1. World Health Organization, Global status report on road safety (Geneva: WHO, 2013).
2. A modeling study of Portland, Oregon (USA) estimated that by 2040, investments in bike facilities (costing from $138 to $605 million) will result in healthcare-cost savings of $388 million to $594 million, fuel savings of $143 million to $218 million, and savings in the value of statistical lives of $7 million to $12 billion. Thomas Gotschi, “Costs & Benefits of Bicycling Investments in Portland, Oregon”. Journal of Physical Activity & Health 8 (2011), 49–58.
3. In America the average cost of congestion to a car-owning household is estimated to be $1,700 a year; in France it is $2,500. But traffic is so bad in Los Angeles that each resident loses around $6,000 a year twiddling their thumbs in traffic—at a total cost of $23 billion, the costs are estimated to exceed that of the whole of Britain. But these costs do not take account of the price of carbon-dioxide emissions. In total, over 15,000 kilotons of needless CO2 fumes were expelled last year—which would cost an additional $350m to offset at current market prices. In choked-up Los Angeles $50m alone would have to be set aside.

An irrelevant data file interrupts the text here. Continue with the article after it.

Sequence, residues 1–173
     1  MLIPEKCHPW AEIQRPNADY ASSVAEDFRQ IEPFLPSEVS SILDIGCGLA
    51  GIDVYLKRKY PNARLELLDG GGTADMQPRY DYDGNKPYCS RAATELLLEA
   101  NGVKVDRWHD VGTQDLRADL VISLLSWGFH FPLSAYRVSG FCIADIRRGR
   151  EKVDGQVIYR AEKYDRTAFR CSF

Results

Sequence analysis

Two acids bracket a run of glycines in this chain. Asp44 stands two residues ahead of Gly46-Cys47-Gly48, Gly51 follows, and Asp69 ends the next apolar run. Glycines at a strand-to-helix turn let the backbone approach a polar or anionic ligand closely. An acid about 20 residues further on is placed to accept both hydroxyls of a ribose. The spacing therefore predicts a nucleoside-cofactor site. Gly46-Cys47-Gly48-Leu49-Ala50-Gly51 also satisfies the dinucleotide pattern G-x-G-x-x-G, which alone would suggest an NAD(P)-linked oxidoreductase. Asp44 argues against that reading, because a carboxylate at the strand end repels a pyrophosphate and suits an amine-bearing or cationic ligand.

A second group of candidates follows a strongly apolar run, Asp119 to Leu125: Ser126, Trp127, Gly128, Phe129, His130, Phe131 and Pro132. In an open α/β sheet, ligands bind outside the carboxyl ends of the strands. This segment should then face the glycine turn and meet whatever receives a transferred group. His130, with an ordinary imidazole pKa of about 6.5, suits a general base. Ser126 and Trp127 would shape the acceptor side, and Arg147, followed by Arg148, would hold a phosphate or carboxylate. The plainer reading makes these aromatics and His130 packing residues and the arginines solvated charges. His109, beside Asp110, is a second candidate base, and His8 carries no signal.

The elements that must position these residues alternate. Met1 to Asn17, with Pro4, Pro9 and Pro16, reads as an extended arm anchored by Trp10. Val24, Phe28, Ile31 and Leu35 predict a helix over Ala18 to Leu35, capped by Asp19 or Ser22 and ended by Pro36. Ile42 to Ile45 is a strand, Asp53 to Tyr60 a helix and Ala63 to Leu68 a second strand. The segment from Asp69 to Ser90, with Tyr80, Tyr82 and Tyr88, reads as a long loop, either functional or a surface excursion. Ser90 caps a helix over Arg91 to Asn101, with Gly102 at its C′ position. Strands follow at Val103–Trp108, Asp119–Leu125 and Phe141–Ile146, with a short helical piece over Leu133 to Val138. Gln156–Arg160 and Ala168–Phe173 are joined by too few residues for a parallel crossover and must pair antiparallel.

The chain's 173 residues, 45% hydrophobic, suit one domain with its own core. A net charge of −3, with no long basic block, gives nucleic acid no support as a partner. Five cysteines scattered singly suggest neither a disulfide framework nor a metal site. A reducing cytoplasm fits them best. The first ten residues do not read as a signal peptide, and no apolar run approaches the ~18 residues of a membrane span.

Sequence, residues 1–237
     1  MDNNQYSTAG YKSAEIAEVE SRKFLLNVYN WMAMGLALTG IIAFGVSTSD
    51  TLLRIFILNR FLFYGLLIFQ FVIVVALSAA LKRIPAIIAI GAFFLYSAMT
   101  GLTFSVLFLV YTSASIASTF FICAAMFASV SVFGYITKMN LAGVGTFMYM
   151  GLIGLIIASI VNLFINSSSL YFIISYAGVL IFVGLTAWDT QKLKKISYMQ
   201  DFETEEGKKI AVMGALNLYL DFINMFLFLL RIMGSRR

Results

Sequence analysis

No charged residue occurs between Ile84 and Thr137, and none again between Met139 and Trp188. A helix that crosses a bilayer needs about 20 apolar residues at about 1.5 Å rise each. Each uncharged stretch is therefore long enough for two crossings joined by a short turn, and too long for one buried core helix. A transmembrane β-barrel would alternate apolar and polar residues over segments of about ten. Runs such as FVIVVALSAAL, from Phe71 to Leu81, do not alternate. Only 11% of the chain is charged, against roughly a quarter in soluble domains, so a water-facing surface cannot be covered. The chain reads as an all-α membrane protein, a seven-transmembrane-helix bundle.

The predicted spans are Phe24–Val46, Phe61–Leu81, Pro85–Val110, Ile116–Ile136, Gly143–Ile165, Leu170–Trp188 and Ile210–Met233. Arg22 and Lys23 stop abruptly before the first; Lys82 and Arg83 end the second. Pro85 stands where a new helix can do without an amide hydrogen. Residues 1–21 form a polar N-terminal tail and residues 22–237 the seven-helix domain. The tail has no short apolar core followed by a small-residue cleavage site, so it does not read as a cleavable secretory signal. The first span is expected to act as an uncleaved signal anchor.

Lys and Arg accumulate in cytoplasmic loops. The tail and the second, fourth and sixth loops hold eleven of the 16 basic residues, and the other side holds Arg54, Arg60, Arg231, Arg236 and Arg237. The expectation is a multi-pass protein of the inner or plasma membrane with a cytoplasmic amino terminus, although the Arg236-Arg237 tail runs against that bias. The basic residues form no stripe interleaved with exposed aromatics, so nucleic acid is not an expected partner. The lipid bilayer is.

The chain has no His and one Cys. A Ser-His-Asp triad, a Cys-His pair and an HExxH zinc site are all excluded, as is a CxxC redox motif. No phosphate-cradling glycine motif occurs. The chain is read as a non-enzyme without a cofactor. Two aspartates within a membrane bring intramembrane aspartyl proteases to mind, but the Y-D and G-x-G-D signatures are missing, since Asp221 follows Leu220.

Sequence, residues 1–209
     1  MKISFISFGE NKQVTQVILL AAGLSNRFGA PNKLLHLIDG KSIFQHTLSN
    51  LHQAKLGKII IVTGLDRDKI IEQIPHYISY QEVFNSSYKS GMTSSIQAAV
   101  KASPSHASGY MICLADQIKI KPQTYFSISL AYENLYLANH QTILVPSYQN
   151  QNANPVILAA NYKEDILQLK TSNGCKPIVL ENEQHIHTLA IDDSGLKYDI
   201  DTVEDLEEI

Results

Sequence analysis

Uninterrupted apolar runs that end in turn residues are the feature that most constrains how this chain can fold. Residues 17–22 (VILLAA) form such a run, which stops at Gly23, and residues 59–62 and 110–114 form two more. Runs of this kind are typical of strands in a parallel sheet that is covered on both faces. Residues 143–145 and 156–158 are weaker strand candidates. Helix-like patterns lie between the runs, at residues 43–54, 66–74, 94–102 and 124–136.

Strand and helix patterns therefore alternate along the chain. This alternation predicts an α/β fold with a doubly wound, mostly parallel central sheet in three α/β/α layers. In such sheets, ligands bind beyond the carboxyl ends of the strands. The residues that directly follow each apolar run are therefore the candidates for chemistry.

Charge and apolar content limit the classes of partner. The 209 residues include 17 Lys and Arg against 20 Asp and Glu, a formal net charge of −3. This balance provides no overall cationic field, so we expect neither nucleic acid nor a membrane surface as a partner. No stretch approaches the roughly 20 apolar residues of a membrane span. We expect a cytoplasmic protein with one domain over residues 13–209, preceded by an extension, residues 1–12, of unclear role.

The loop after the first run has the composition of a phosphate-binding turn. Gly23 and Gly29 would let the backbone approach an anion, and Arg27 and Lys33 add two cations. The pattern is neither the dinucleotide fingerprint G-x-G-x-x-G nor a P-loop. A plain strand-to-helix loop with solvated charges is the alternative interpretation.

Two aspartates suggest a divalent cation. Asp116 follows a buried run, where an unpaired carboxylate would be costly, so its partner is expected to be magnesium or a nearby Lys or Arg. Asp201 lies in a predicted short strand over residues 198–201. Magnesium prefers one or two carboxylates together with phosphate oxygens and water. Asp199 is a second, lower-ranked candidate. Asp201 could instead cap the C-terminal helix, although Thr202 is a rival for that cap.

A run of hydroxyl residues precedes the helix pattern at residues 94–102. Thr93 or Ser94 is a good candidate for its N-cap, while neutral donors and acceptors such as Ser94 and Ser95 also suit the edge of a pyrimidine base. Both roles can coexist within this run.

“The cost of traffic jams”, The Economist, accessed June 7, 2016 http://www.economist.com/blogs/economist-explains/2014/11/economist-explains-1.
4. L. J. Blincoe et al., The economic and societal impact of motor vehicle crashes (Washington, DC: National Highway Traffic Safety Administration, 2010).
5. Chung Yim Yiu, “The Impact of a Pedestrianisation Scheme on Retail Rent-an Empirical Study in Hong Kong.” Journal of Place Management and Development 4, No.3 (2011).
6. New York City Department of Transportation, Measuring the Street: New Metrics for 21st Century Streets (New York, NY: NYC DOT, 2012).
7. Foster Josh, Lowe Ashley and Winkelman Steve. The Value of Green Infrastructure for Urban Climate Adaptation (Washington, DC: Center for Clean Air Policy, 2011)
8. Foster, The Value of Green Infrastructure for Urban Climate Adaptation